the romans also stole and recycled many such things.

and so did the crusaders who had invaded constantinople in 1260 (date may not be accurate): do you know the story of the four horses at the cathedral of san marco, venice? check somebody out on that.

regards,



#49 aurguplu

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Posted 15 June 2001 - 08:31 AM

dear thoth,

the turks are pressing the germans, but so far without success as far as i know.

sometime in the last century some sultan said "if some infidel (=european) wants to carry off carved stones from old buildings of the past pagans, do not disturb them". and so the infidels did. in other instances, they gave bits of anatolian heritage as "presents" to the germans and others.

toward the end of the empire some ottomans, notably osman hamdi bey, woke up to the facts and defended the monuments, sometimes putting their own lives in danger. if it weren't for them, we would have had nothing left in turkey.

the roman theatre in aspendos is still intact today (so intact that you can still use it today) thanks to the intervention of the seljuks, (and later ottomans) who decided to keep it the way it was. since it wasn't a christian monument it was under no protection of any treaty with byzantium or the greek or armenian churches, so its survival is all the more remarkable (given the fact that it would have been a wonderful quarry of ready-cut stone!)

regards,

#50 Paul bunyan

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Posted 15 June 2001 - 09:20 AM

Elgin Marbles, the greeks deny any vandalism, the archaological~artist hero Lord Elgin and matyr deserves alot of thanks for saving the sculptures for the turk vandals who would have destoyed every bit of greek sculpture and artifacts, like they did in Armenia, and are slowly doing in Ani, if they had not been thrown out of Greece. I am only glad that Howard Carter discovered the great mummy of Tutankumun, after turkey left Eygpt
or this priceless world historic treasure would have gone the way of all the mummies in turkish times straight into locomotive boilers.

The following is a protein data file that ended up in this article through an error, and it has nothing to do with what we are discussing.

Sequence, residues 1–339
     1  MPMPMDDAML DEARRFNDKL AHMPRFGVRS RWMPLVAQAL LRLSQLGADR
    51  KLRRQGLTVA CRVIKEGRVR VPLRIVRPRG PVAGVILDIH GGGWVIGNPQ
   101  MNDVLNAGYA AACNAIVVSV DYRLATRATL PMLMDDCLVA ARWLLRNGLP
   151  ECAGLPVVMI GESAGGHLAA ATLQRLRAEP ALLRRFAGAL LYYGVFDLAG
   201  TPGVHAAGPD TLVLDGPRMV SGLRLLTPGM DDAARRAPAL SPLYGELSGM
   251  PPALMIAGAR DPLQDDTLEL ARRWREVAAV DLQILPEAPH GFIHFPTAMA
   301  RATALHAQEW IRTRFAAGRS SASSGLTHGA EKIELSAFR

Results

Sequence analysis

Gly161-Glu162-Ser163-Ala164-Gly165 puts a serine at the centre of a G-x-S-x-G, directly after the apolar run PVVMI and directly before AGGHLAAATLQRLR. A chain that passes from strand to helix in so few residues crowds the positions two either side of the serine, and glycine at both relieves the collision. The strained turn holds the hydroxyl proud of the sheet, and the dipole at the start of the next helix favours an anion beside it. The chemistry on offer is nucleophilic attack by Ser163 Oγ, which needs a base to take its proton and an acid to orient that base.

#51 THOTH

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Posted 15 June 2001 - 09:46 AM

Ali - I have been to Aespendos - it was truly a marvel. The accoustics were still wonderful! And it is amazingly perserved - the best of its kind I think.

In general I was amazed when visiting the various sites (of antiquity) in Turkey (Ephesos, Miletius, Pirius?Pirene? (don't remember), a nice site (near) Aespendos (don't remember the name - but the were extensive) and others - that the level of supervision/policing etc seemed non-existant (all except for Troy perhaps). And everywhere I went children were attempting to sell me Roman coins and the like...and certain adults sometimes hinted at more. I was not inclined to take them up on these types of offers - regardless of authenticity and regardless of the (now) strict Turkish laws against the export of such.....

#52 aurguplu

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Posted 15 June 2001 - 09:59 AM

paul bunyan

this is my last post in reply to your remarks.

if the turks were such vandals, how come there is still so much stuff left of the civilisations that preceded them in all the countries that they had conquered & then left, and also in anatolia, where they still are? was half a millennium not enough? or didn't they appreciate enough the pre-cut stones that were ready to erect muslim structures instead of the christian and pagan ones? or did they lack islamic zeal to destroy them all (unlike the taliban of today).

paul i do not know if you are an armenian or not (not everyone is one in this forum is understand). i do understand - and share - people's revulsion of the armenian genocide and their condemnation of the denialist position that the turkish state still holds. i also know about the other darker pages of my nation's history.